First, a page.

Olesya Sypchenko teaches a music lesson to a student with autism at Sound of Music school in Buford, Ga. (AJ Reynolds/Brenau University)

Olesya Sypchenko: Universal Language

Alumna uses music and OT to unlock the genius in children

One of the giants of literature, Russia’s Leo Tolstoy, said that music is the shorthand of emotion. Maybe that’s why Russian-born child music prodigy Olesya Sypchenko drawn to using psychology, occupational therapy and music as tools to help children with developmental challenges. Using her credentials in all three areas to teach piano lessons to children on the autism spectrum, she’s come to believe that there may well be a dose of musical genius in every child.

Olesya Sypchenko, BU ’16, a native of Ufa, Russia, in the Ural Mountains that serve as the natural boundary between Europe and Asia, teaches piano at Sound of Music school in Buford, Georgia. She earned her master’s degree in occupational therapy after attending classes at Brenau’s North Atlanta campus in Norcross, Georgia, fulfilling a desire to help students with developmental disabilities.

“All I’ve ever really wanted to do was to help people,” she says. “Everything I’ve done in my life has brought me to this point. I feel like all of my training and talents have come together to allow me to help people in a special way.”

Important Work

portrait of Olesya SypchenkoThroughout her life, Sypchenko’s belief in the power of music has been continually reinforced. Through music lessons with special-needs children, she has witnessed first-hand the breakthroughs that music therapy can provide in ways that other approaches may not.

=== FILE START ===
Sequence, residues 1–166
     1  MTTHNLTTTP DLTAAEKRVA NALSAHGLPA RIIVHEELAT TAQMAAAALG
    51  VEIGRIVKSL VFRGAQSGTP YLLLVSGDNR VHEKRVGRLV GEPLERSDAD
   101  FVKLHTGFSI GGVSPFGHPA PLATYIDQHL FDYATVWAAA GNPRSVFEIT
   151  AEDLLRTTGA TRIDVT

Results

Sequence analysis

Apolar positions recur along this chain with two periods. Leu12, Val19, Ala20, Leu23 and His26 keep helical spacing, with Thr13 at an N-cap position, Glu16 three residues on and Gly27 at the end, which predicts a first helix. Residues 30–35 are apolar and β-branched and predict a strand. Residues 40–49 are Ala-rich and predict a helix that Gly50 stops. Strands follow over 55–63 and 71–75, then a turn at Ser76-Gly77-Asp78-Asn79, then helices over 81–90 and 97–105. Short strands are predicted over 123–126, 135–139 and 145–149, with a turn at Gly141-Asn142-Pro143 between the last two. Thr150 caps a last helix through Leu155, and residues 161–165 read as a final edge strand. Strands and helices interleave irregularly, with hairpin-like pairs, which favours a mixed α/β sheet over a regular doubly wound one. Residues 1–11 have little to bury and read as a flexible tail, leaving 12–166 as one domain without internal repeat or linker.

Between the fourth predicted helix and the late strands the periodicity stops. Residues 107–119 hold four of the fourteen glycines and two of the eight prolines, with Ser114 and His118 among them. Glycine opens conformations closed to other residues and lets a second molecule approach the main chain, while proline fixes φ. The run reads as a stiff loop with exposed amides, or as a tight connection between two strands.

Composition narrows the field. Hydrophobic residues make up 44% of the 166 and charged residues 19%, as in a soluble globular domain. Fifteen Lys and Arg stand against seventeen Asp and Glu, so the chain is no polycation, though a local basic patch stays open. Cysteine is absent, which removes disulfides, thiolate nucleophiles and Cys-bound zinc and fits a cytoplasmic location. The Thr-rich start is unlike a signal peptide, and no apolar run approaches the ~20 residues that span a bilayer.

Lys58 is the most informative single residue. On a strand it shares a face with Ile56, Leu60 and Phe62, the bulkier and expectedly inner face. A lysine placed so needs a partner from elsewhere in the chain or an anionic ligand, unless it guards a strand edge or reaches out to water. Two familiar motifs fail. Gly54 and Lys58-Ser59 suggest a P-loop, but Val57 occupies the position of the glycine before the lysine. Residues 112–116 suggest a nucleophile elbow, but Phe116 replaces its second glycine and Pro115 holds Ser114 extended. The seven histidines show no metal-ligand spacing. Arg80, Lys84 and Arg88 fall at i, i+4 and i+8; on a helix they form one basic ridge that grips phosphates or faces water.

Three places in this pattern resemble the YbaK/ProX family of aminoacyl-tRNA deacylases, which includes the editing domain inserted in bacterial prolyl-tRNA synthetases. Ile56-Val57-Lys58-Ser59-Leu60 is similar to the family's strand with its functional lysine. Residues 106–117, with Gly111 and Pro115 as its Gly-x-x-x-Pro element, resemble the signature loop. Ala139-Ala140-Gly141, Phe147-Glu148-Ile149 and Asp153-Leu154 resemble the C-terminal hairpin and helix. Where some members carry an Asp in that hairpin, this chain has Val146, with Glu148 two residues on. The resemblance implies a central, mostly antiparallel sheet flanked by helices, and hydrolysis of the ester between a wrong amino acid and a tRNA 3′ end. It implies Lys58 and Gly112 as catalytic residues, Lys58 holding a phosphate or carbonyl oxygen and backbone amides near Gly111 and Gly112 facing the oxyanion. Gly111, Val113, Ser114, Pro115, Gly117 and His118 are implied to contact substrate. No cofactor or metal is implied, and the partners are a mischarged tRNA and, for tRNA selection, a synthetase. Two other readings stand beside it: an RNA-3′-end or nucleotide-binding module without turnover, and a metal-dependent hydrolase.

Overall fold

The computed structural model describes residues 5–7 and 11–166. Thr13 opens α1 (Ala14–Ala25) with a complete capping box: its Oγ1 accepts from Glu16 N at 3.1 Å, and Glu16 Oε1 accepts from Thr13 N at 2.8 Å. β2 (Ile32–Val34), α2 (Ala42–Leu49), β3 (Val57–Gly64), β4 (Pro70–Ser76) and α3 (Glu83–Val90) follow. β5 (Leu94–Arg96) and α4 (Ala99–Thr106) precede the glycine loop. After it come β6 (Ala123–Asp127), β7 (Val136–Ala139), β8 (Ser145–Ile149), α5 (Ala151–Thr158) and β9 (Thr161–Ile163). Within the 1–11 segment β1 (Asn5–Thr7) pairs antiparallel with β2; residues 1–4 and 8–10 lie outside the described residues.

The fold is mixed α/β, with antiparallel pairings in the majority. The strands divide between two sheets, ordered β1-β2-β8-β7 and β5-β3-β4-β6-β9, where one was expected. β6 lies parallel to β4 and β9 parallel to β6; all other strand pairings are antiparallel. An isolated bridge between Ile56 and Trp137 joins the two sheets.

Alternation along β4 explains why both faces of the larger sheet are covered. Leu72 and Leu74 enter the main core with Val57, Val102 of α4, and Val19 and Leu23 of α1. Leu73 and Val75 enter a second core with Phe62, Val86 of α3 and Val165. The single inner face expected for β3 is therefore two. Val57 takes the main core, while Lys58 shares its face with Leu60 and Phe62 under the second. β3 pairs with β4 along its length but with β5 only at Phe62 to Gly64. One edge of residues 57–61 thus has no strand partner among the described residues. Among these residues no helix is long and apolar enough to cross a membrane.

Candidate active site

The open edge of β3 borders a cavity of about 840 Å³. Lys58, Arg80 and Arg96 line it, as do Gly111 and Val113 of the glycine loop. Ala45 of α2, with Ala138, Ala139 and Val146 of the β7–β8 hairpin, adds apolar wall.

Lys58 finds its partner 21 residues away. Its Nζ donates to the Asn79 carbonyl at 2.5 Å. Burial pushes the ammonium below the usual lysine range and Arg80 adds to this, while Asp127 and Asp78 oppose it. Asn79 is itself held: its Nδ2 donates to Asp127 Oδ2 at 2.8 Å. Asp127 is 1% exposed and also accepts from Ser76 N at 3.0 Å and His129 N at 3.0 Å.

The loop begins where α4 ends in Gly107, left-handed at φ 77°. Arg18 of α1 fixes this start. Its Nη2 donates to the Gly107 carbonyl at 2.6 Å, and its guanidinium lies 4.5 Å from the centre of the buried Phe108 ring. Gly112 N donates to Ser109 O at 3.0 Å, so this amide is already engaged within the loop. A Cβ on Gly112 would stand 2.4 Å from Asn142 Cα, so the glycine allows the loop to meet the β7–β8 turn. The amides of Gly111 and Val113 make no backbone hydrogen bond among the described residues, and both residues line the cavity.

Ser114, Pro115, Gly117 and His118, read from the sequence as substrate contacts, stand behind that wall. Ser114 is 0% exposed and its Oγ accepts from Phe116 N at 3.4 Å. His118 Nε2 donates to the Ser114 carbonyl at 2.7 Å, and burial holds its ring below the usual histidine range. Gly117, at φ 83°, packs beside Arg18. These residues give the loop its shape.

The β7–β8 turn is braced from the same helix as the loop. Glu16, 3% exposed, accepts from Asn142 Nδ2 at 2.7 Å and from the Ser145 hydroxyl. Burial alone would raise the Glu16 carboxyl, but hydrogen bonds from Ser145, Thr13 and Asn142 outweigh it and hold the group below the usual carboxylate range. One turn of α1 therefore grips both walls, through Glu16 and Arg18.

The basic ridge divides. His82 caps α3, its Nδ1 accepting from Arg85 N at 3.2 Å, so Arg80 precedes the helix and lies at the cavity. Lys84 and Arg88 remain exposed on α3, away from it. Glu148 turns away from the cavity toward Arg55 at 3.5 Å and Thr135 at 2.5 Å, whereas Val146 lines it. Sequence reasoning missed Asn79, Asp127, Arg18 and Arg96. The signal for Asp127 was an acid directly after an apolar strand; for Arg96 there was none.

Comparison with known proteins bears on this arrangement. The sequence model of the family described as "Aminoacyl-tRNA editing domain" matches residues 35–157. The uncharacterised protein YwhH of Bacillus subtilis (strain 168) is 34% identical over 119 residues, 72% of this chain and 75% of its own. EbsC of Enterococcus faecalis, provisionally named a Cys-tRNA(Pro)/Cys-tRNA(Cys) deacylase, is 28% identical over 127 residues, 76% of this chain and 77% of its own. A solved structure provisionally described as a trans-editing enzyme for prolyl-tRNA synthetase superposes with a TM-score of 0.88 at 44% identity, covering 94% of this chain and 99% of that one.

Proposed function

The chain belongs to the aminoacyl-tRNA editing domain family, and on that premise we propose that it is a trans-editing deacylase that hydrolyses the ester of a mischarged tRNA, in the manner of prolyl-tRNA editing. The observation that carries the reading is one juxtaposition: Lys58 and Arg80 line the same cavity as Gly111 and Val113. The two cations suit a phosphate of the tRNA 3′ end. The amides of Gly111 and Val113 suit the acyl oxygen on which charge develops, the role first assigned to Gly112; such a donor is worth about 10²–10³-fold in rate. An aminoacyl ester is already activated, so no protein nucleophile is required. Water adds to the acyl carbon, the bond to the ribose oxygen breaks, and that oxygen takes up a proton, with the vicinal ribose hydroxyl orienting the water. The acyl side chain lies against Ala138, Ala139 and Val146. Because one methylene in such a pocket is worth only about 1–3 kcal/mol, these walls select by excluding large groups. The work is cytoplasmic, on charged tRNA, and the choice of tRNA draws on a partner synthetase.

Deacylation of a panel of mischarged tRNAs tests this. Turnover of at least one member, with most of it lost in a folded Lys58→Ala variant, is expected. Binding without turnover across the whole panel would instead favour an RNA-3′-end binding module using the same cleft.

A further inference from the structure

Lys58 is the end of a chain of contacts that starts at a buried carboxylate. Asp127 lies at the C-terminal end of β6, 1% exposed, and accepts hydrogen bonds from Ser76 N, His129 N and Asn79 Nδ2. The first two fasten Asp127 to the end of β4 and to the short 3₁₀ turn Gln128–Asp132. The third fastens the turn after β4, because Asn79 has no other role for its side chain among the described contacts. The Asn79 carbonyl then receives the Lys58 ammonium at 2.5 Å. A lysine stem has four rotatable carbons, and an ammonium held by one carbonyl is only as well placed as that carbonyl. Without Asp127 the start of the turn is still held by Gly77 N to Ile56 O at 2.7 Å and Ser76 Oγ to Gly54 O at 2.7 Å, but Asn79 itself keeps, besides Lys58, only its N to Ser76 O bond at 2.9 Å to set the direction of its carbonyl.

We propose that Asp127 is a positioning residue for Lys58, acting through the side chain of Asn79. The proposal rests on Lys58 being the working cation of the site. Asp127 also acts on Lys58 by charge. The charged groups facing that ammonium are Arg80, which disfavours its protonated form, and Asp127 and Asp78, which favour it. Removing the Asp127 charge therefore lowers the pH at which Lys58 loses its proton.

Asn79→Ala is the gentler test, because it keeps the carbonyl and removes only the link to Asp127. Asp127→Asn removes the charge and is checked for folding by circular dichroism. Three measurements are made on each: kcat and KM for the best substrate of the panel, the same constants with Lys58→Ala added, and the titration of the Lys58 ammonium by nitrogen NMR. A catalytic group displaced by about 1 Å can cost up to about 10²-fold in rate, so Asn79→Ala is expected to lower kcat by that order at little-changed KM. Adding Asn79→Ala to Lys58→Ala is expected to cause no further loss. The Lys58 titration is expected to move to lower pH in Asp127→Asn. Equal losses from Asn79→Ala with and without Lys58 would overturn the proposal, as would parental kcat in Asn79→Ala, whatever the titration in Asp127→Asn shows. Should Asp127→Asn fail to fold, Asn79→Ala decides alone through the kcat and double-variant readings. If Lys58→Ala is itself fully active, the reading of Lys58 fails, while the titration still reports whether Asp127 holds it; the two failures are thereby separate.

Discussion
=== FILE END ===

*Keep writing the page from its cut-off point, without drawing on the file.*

Her basic English-language education was an immediate hurdle in the occupational therapy program, however, and she felt inadequately prepared for master’s-level instruction. “I was better with the written language than the spoken,” she says. “Taking in a lot of new information in a different language on a different subject was very challenging.”

One day, some of her classmates were telling her how difficult they found the subject matter. Sypchenko let them know, “If I can do this while learning this language, surely you can as a native speaker. If you work hard, you can overcome every difficulty.”

Part of her occupational therapy fieldwork prepared her to work with children, while another placed her at Health and Rehabilitation Center, an assisted-living and rehab facility in Atlanta. There she discovered a passion to help people maintain and regain their mobility as they age. She also found a new sense of community for which she had been longing since arriving in America.

Less than a year after graduating from Brenau in 2016, and following a brief period working at an outpatient clinic with children and adults, Sypchenko was offered a job at Ability Rehab, where she works during the week. On the weekend, though, she continues to teach music.